Section 180 of the Corporations Act 2001 (Cth) requires company directors to exercise their powers with reasonable care and diligence, including consideration of the safety of staff and others at business premises.

Am I required by current public health orders to ensure that my employees are vaccinated?

Some categories of employees who work with vulnerable people, like childcare, aged care, disability, and healthcare workers, must be vaccinated with at least one dose and receive a second dose in the future. Even without the public health orders, it is likely that employers would have had the legal right to insist such workers be vaccinated simply because of the nature of the work. Some decided cases support this regarding both COVID-19 and influenza vaccination.

Other categories covered by public health order requirements for vaccination are workers involved in medical or quarantine transport, airport workers, quarantine workers, and some other workers providing services to those categories. Again, employers of these workers probably would have the legal right to insist that they be vaccinated, simply because of the nature of the work, even without the health orders. As is now notorious, an unvaccinated transport worker working with quarantined flight crews was the original case of the Delta variant of the virus in NSW.

Further to these categories, the current health orders also require some construction workers to have received one dose of vaccine and in due course receive a second dose and so forth, or else be regularly tested for COVID-19. Workers who live within a Local Government Area ‘of concern’ must comply to work on any construction site in Greater Sydney. In this case, there may have been legal problems for employers to insist on vaccination without the public health order because the work is not necessarily in confined spaces, nor is contact with the public or vulnerable people unavoidable. However, in the context of a spreading pandemic, it might have been possible for employers to insist on vaccination if workers were in confined spaces or roving from site to site.

To see the Government’s detailed list of workers who must be vaccinated, go to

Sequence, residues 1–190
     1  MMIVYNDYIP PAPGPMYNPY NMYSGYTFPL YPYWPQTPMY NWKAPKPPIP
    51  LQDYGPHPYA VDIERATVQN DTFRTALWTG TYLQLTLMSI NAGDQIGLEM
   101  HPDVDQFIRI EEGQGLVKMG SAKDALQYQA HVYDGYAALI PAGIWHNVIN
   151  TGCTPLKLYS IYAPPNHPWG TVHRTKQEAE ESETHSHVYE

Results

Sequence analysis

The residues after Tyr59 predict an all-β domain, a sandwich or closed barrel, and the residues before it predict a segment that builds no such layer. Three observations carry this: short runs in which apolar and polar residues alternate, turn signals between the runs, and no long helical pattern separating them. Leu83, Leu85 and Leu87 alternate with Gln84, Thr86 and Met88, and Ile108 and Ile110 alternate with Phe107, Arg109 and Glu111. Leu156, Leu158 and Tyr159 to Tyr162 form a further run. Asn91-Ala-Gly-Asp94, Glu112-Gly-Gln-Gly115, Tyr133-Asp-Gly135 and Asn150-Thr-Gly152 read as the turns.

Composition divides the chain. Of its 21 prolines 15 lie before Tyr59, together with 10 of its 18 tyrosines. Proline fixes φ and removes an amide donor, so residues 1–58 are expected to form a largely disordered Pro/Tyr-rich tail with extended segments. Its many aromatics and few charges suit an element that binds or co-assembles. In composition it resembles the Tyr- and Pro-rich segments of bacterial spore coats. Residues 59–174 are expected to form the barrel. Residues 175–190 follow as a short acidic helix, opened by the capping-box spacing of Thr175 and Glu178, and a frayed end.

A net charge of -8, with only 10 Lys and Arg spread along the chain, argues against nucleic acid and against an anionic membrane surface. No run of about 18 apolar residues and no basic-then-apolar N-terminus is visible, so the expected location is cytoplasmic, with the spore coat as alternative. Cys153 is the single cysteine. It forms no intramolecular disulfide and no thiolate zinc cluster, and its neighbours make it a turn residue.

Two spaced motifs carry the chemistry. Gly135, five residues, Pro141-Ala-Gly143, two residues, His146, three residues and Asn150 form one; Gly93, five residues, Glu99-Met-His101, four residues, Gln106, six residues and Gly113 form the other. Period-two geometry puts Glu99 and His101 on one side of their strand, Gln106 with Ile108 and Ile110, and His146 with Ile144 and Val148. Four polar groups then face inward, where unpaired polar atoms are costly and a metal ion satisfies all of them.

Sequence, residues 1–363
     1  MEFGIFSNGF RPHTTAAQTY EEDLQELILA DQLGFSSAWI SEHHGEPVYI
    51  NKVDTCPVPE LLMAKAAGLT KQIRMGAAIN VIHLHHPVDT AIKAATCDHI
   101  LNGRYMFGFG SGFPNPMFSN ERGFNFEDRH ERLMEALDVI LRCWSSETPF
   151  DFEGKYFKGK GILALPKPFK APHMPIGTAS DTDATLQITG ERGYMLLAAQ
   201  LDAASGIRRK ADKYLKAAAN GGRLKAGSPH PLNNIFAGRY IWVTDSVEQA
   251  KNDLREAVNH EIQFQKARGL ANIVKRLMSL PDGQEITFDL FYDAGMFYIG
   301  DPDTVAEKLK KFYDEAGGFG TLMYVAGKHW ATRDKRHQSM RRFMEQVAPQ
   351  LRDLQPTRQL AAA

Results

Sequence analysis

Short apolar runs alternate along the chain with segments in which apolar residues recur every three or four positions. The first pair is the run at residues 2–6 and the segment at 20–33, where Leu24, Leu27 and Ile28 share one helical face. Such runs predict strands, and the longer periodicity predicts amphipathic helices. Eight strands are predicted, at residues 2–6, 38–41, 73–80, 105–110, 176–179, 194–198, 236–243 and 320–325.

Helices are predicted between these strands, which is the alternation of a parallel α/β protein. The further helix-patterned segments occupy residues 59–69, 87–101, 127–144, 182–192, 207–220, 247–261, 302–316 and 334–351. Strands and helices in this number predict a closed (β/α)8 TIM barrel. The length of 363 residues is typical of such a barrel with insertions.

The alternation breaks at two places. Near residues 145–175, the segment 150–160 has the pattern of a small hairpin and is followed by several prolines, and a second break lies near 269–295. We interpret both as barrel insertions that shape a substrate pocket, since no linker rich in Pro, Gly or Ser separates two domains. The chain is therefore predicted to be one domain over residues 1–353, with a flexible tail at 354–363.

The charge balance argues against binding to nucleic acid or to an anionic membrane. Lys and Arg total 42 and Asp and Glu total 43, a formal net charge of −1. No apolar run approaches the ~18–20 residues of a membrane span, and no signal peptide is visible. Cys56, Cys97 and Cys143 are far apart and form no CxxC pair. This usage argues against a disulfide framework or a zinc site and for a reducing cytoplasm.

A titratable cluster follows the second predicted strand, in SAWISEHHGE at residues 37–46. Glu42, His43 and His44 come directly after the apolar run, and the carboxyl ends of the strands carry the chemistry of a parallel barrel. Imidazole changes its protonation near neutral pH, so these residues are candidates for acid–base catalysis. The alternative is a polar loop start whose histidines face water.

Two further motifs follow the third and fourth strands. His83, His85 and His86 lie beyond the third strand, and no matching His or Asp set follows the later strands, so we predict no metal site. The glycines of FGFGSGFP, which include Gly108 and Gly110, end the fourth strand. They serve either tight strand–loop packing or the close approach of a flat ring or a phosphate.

What things should I consider including in my company’s employment agreements in future?

4 general tips for updating your company’s employment agreements to deal with pandemic related workplace issues are:

  1. introduce workplace policies dealing with pandemic situations, including going through workplace consultation as per the relevant Award,
  2. update your contracts of employment to include an employee’s general obligation to perform other duties such as the employer reasonably directs from time to time,
  3. check if you have a practical and reasonable stand-down provision in the enterprise agreement or each contract of employment, covering a period an employee cannot usefully be deployed because of a stoppage of work for any cause for which the employer cannot reasonably be held responsible,
  4. consider including a requirement that the employee work at alternative locations reasonably required.

Further information:

Please get in touch for further information on how Stevensen Business Lawyers can assist your company with any employment law matters.

Each company would be differently impacted by the NSW Government public health orders and shutdowns. You may need advice tailored to your specific situation.

The pandemic’s other legal issues for small businesses include debt recovery/getting paid on time and commercial lease reductions negotiations.


Corporations Act 2001 (Cth)

Fair Work Act 2009 (Cth)

Fair Work Regulation 2009 (Cth)

Work Health and Safety Act 2011 (NSW)


  • Teslime Kuru v Cheltenham Manor Pty Ltd as trustee of the Cheltenham Manor Family Trust T/A Cheltenham Manor Pty Ltd [2021] FWC 949, 24 February 2021,
  • Bou-Jamie Barber v Goodstart Early Learning [2021] FWC 2156, 20 April 2021,
  • Maria Corazon Glover v Ozcare [2021] FWC 2989, 26 May 2021,
  • Jennifer Kimber v Sapphire Coast Community Aged Care Ltd [2021] FWCFB 6015, 27 September 2021.